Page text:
Reminiscing about past CNY, Chap Goh Mei celebrations

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Children get all excited seeing the lion dancers during a Chap Goh Mei parade. — Bernama photo

MY late mother’s theory was that the rainy season in Sarawak would last until the 15th day of the Chinese New Year.

“Don’t plant anything before this magic date – it won’t grow! Days will be clear from then on, and the stars will be clearly seen at night, especially at dawn.”

I don’t know if any wise man or a philosopher has ever said anything about this. As far as I am concerned, my late mother was as wise as any philosopher!

Mum was a padi planter, looking for the greenlight from the ‘Bintang Tujoh’ or ‘Ketika’ on when to start clearing the jungle for a rice farm.

This is the cluster of stars called the Pleiades. According to my wife, the Greeks call these stars the ‘Seven Sisters’. Sometimes, there are only six of them because one sister sometimes ‘absconds and reappears as and when she likes’.

For the last 20 or 30 years, I have been noting down if this phenomenon really happens – does the weather improve after Chap Ngo Mei?

I asked some fishermen about the sea conditions in order to find out if there was indeed fine weather after the first full moon after Chinese New Year.

I think Mum was by and large accurate in this matter, as indeed in most other matters. But ask the Meteorology Department for confirmation, and they may have the actual record of rain, wind speed and heights of waves off the Sarawak coast.

Mum’s theory was, at best, an amateurish guess, conventional wisdom, if you like.

Don’t quote her.

Chinese New Year

In my little town of Lundu, the Chinese New Year was celebrated by the Teochews, mainly shopkeepers, and by the Hakkas or Khehs, market gardeners in the outskirts of the town.

These gardeners celebrated the New Year a day ahead of the town people. I don’t know why.

This was the situation in the 1950s anyway.

During the festival, relatives visited one another. The eve of the New Year was reserved for family dinner, while the next day would be earmarked for visits from friends and colleagues at work.

Even strangers were welcomed.

The second day was earmarked for more inter-family visits.

Did they let off firecrackers? Not much in Lundu at that time. I am talking about the time soon after the Japanese Occupation.

All firecrackers were imported from Kuching or Bau. However, during that time of the year (December-January-March), the sea and the weather between Lundu and Kuching were often rough and dangerous for people traveling by sea. They are still rough – heavy swell and foul weather.

This prevented the ‘chug-chug’ launches normally plying between the two towns from sticking to their normal schedules (every week).

The boats, MV Syn Chin Lee, MV Syn Soon Lee and MV Lundu (the third was owned and skippered by Henry Kueh from Kampong Pinang, now Bank Hock Road in Kuching) were the only boats linking the two places.

I miss those launches.

Chap Goh Mei

To the boys from the villages, the day of the Chinese New Year itself was not as important as the Chap Goh Mei.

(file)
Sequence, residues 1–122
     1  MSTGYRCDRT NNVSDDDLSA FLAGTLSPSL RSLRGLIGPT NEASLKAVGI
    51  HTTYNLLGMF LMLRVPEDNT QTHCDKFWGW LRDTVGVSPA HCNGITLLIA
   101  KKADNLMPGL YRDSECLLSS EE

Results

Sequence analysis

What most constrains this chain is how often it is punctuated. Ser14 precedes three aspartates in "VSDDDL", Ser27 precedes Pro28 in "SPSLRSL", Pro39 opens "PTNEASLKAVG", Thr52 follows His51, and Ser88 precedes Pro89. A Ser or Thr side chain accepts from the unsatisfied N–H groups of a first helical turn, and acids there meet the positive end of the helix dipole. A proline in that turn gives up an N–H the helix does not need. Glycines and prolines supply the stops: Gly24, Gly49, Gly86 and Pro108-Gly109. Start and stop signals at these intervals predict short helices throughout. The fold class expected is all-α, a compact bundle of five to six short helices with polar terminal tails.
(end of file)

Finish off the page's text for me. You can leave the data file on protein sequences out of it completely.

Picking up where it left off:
The town was eerily quiet during the first day. All shops were either totally shut or half closed.

However, on the Chap Goh Mei itself, the town was back to life. At several spots somewhere at the edge of town, there were people gathered for some kind of game. In fact, open gambling.

No gaming licence was necessary. I am talking about the time soon after the Japanese Occupation and the brief period of the resumption of Brooke Raj.

The most popular game was the ‘Chap Ji Ki’ (Twelve Numbers). Don’t ask me how it works.

I preferred the ‘Main Holo’ – a game of lucky pick of sorts. You place your bet on the fish, or the crab, or the cock or the ‘holo’ (image) itself. The operator shakes the dice box vigorously and tips over the content. You win if your fish or crab comes out top.

I liked to watch people playing this game of luck. Only as a spectator, because I had no money for that type of game. My brother, a policeman, had advised me not to indulge in the game and refused to give me money for such a purpose.

However, I enjoyed the fun when one day, one operator suddenly threw up his hands in the air.

He had run out of capital / funds and there was nobody to borrow money from!

It was hilarious! This man was cursing and swearing and, punching his hands into the air, promising to return another day.

He did come back the next day, this time with bundles of notes!

Actually, most people had a lot of money, the Japanese currency called ‘Banana Money’, but it was worthless when the war was over. The administration under the Allied Forces (Australians) did not accept the banana money as legal tender.

‘Ngihing Gunja’

The Chap Goh Mei was the event that most boys were looking forward: it was the parade around the town in the late afternoon or early evening. My Mum called this procession ‘China Ngihing Gunja’, headed by a man called ‘Tuai Pekong’, sitting on several sharp blades of steel on a vehicle and wielding a sword.

The spectators wanted to see what would happen to him, to see if he would get hurt himself in the process.

Never heard of a serious accident.

This ‘China Ngihing Gunja’ was what the boys from the surrounding villages were looking forward to. To the boys, this was fascinating indeed!

Did the ‘Tuai Pekong’ have ‘pengahuh’ (charm)?

The belief among the crowd was to ‘touch him’ was to possess the power of ‘kebal’ (invulnerable) as he is.

Years later, I was told that an Iban boy from a Dayak village had been made a ‘Tuai Pekong’

That was something – an achievement!

Well, the New Year is over, and so has Chap Goh Mei. In Kuching, the last firecrackers have deafened our ears.

Let’s hope it will stop raining soon, so Auntie Di can finally plant a few more flowers in her terrace garden.